He’s not going to win the Heisman. Let’s get that out in the open right from the get-go.
Playing for an unranked, underachieving team that has gone south faster than “snow birds” trek to Florida the first sign of sub-50 temps in their native Northeast abode, Marqise Lee has that inoperable obstacle in his path to college football’s highest individual honor as is.
In a true testament to irony, the Southern California receiver/return man has become the marquee attraction to one of the nation’s most recognized programs and that connection only serves to hurt – heck, kill – his chances.
The video-game numbers Texas A&M quarterback Johnny Manziel puts up every week in proving the Aggies-will-bomb doomsayers wrong during an initial foray into SEC play hasn’t helped, either. Nor has skill and leadership displayed by Braxton Miller and Manti Te’o in spearheading unbeaten seasons at Ohio State and Notre Dame, either.
But, push comes to shove, do you really want to argue who the best player in the sport happens to be?
Biases, allegiances and affiliations aside, anyone would be hard pressed to trump a case for Lee holding that title.
Full disclosure – the vote would be for Johnny Football here. What he’s done and how he’s done it and who he’s done it against … well, the idea that the Heisman wouldn’t go to him, even with that bucking the unspoken no-freshman rule, just seems silly. In guiding the Aggies to the unthinkable – a victory at supposedly unbeatable, unbreakable Alabama two weeks ago – and them hold their own week in and week out against the country’s toughest competition, the dye should have been cast on this one.
But is he better than Lee, and has he even had a better “individual” season than the USC sophomore? The numbers actually say no.
To wit: Manziel doesn’t rank among the nation’s top-10 QBs in any key category. He’s 22nd in passer rating and 18th in yards. As a testament to his all-around athletic brilliance, he is 26th in the country in rushing, though.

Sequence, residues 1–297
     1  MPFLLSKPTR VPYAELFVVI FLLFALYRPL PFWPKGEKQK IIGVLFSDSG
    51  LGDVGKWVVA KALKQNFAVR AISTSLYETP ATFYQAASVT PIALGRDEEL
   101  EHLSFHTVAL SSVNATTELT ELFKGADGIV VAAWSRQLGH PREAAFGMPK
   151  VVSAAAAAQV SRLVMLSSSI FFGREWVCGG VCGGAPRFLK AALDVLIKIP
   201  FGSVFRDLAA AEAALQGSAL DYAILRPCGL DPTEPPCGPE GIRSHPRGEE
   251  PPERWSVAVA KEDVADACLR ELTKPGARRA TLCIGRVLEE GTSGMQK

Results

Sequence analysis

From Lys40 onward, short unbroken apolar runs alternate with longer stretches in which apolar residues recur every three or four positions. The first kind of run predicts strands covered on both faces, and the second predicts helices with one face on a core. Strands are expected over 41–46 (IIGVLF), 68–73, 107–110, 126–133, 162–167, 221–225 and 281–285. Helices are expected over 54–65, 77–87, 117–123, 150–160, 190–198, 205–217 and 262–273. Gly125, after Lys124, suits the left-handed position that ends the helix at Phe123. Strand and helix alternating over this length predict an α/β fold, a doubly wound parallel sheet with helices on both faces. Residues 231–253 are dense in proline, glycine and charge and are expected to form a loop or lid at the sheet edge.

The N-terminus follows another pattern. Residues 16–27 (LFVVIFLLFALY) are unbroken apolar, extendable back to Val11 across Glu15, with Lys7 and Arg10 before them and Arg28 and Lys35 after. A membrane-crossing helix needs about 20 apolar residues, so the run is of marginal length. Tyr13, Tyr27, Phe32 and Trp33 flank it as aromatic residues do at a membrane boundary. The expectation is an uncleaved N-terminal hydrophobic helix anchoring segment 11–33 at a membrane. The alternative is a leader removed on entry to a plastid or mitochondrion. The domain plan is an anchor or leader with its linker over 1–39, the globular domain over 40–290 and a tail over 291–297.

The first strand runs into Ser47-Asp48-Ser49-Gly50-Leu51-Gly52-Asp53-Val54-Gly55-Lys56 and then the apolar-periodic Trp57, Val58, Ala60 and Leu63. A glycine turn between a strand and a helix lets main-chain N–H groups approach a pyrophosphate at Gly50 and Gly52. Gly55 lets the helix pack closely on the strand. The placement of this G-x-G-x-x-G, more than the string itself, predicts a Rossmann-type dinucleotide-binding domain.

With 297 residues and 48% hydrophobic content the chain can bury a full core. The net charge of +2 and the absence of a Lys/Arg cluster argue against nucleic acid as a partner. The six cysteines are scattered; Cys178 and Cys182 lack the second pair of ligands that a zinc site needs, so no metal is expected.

In short, he ain’t exactly chopped liver no matter how you slice it. Thing is, his value, obviously, is measured beyond sheer individual statistics.
With Lee, playing at a position that doesn’t have nearly the same kind of every-snap influence, numbers matter … and his are as good as they get. Not only does he lead the country in receptions (107), but he tops it in receiving yards (1,605), too. For good measure, he ranks 10th among the nation’s kick returners, averaging 29.3 yards per attempt. He also has 15 TDs total – 14 receiving, and one on a 100-yard KOR blitz by Hawaii in the first game.
Oh, here’s the “oh, yeah” best part: Lee wasn’t even the Trojans’ projected top weapon this fall. Returning star wideout and former high school teammate Robert Woods – he of the Biletnikoff Award nomination and All-America consideration prior to kickoff in Week 1 – was. Woods has had a nice junior season, checking in with 721 yards and 10 TDs receiving.
It’s just that everyone at USC, including ballyhooed QB Matt Barkley, has seemed to take a step back this season while Lee continues to emerge as something more than a your typical college football star. He is truly special.
One week he’s setting Pac-12 records for catches (16) and yards (345) and the next he’s posting a new conference mark for kickoff return yards (251). Of course, that Trojans’ attachment did little to help his Heisman case in those games since they came in losing efforts at Arizona and against then-No. 2 Oregon.
Twenty-five years ago, Tim Brown became the first wide receiver to win the Heisman, playing for a pretty mediocre Notre Dame squad. That, however, was before the BCS and the digital age and when Brent Musberger claiming a player deserved the Heisman off one brilliant performance carried some serious weight with voters.
But this is a different age, with so many outlets and options that best player in the game may not stand out so much, that he may get lost in the shuffle come Heisman time.
Indeed, there will be no more Paul Hornung-type selections anymore – which isn’t all bad, knowing that the lead character in a season-long production of drek won’t be honored just because of brand recognition.
Lee, though, is far more than that. He is, without question, worthy of Heisman consideration in 2012.
He just won’t get the trophy.